Frenchies' physical characteristics contribute to a host of health issues. They are prone to Allergies, Skin conditions, Ear infections, breathing and joint problems.
Be sure to find a good Vet, who has experience with Frenchies and a good insurance plan to help with some unexpected costs.
Pet Insurance Approved by Pride+Groom
Vet Approved by Pride+Groom
Where to find a Purebred French Bulldog
The more popular a breed, the higher the risk for puppy mills and irresponsible breeding. We reached out to our friend Maggie from Rock House Frenchies for some helpful information:
Most importantly -- Buyer Beware -- French Bulldogs (like potato chips) are highly addictive and most people end up owning several! any prospective owner needs to be sure and have their pup micro chipped -- this is essential in case their pup becomes lost or is stolen!"
How to groom your French Bulldog
WASH Start grooming your Frenchie as a pup. We recommend using THE SENSITIVE ONE shampoo for puppies and sensitive dogs from PRIDE+GROOM to get them used to the process. You can move on the on to The ultra nourishing SHEDDER dog shampoo for shedding dogs when your pup gets a little older. The Shedder dog shampoo uses a perfect blend of essential oils to benefit your frenchies skin and coat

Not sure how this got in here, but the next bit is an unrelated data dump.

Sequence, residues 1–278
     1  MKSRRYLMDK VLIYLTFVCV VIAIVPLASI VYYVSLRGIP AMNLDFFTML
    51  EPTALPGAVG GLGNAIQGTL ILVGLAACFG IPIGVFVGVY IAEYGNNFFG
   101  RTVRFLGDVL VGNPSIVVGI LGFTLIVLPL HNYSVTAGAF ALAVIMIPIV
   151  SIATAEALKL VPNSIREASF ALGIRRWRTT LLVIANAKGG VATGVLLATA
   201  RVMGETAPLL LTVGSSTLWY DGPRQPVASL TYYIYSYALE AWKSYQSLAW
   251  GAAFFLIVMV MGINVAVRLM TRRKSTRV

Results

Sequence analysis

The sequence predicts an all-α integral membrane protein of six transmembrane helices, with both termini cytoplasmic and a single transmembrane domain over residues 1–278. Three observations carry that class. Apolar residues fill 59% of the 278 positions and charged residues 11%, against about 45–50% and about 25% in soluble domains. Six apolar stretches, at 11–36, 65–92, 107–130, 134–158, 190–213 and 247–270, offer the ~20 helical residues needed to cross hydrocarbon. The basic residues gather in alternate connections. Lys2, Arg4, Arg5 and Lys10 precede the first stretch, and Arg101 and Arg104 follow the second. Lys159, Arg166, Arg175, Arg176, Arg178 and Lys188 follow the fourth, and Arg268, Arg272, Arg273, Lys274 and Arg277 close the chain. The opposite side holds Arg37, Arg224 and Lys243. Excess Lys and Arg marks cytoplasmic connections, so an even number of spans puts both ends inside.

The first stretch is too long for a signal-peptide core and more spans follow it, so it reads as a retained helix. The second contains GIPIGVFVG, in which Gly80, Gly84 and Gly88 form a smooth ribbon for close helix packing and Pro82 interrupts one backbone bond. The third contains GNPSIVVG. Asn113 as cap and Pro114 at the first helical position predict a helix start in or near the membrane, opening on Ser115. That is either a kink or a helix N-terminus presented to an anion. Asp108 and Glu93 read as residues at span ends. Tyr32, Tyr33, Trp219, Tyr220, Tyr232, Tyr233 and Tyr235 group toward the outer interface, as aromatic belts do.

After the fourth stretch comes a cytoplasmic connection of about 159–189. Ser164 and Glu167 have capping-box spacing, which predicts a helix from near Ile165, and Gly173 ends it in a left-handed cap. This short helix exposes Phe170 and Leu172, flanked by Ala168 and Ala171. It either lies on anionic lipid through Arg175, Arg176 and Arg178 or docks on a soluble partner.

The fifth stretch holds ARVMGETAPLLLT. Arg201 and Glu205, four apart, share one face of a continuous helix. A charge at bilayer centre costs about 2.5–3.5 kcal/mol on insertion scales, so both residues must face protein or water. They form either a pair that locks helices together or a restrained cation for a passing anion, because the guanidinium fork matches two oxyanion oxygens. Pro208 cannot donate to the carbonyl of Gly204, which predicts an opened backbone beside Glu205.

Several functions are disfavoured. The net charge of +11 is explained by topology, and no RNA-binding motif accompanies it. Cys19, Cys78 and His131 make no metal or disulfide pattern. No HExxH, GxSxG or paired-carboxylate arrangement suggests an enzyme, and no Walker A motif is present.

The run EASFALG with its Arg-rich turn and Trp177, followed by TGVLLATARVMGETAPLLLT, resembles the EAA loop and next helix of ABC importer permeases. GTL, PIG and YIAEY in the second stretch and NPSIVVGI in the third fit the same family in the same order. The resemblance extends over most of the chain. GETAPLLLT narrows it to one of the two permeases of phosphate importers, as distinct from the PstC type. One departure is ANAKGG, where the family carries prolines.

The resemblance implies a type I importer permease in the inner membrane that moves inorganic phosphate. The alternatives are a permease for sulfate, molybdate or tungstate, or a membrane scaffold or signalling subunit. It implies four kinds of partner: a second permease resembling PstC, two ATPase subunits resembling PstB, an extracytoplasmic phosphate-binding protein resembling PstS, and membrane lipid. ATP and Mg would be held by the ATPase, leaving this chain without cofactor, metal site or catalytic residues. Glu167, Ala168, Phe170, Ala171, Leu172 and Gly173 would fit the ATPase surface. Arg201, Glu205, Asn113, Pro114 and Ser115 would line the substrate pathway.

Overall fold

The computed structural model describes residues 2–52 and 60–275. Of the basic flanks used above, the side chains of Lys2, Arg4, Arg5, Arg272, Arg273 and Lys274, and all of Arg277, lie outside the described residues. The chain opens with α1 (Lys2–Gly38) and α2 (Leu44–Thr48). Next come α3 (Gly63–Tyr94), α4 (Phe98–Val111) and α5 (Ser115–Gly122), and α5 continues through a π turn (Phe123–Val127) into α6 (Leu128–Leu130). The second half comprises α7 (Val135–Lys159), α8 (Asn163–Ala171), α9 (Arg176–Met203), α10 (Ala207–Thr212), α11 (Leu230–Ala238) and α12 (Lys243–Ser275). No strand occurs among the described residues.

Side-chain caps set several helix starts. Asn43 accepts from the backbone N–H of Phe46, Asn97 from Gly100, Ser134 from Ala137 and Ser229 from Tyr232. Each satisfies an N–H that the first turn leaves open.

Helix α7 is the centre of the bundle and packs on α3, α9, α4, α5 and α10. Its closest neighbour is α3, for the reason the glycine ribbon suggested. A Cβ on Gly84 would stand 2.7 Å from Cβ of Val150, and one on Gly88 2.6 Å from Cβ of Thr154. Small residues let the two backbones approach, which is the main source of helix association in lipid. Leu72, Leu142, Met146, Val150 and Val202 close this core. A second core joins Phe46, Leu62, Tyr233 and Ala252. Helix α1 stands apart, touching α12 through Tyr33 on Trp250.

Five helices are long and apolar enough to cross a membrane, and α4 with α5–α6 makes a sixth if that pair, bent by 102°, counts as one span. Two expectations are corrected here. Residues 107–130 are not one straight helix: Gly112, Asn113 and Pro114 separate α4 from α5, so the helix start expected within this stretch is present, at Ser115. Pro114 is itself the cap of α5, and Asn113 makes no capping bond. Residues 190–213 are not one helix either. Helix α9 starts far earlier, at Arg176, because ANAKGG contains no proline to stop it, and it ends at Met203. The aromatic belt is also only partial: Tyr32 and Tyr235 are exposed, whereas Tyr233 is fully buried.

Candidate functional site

BRUSH Use a boar bristle brush to reduce shedding. We are partial to THE ONLY BRUSH by Pride+Groom.
THE EARS Their precious bat ears and face wrinkles need some extra TLC. To clean the ears of a French Bulldog, use a damp warm cloth to clean ears and run a cotton swab around the edge of the canal. Never stick the cotton swab into the actual ear canal.
NAILS French Bulldogs do not naturally wear their nails down and will need their nails trimmed regularly. This prevents splitting and tearing, which can be painful.
THE FACE Keep the facial wrinkles clean and dry to prevent bacterial infections. Whenever you bathe your dog, take the time to thoroughly dry the skin, especially between the folds, with THE TOWEL dog towel by Pride+Groom. Grooming is an excellent bonding time for you and your Frenchie. If you're uncomfortable with any aspect of grooming, like trimming nails, take your dog to a professional groomer.
A bath twice a month should be plenty. Because of their short coats, French Bulldogs are easy to keep clean with dog wipes and waterless shampoo for dogs.
Try THE MANE TAME waterless shampoo by Pride+Groom.
Try THE SWIPE paw, snout and everything in-between dog wipes by Pride+Groom
FINAL TIP: Always check for scabs, skin lesions, bare spots, rough, flaky skin, or signs of infections. You should also check ears, eyes and teeth for any discharge or bad smells. Both are signs that your Frenchie may need to see the veterinarian.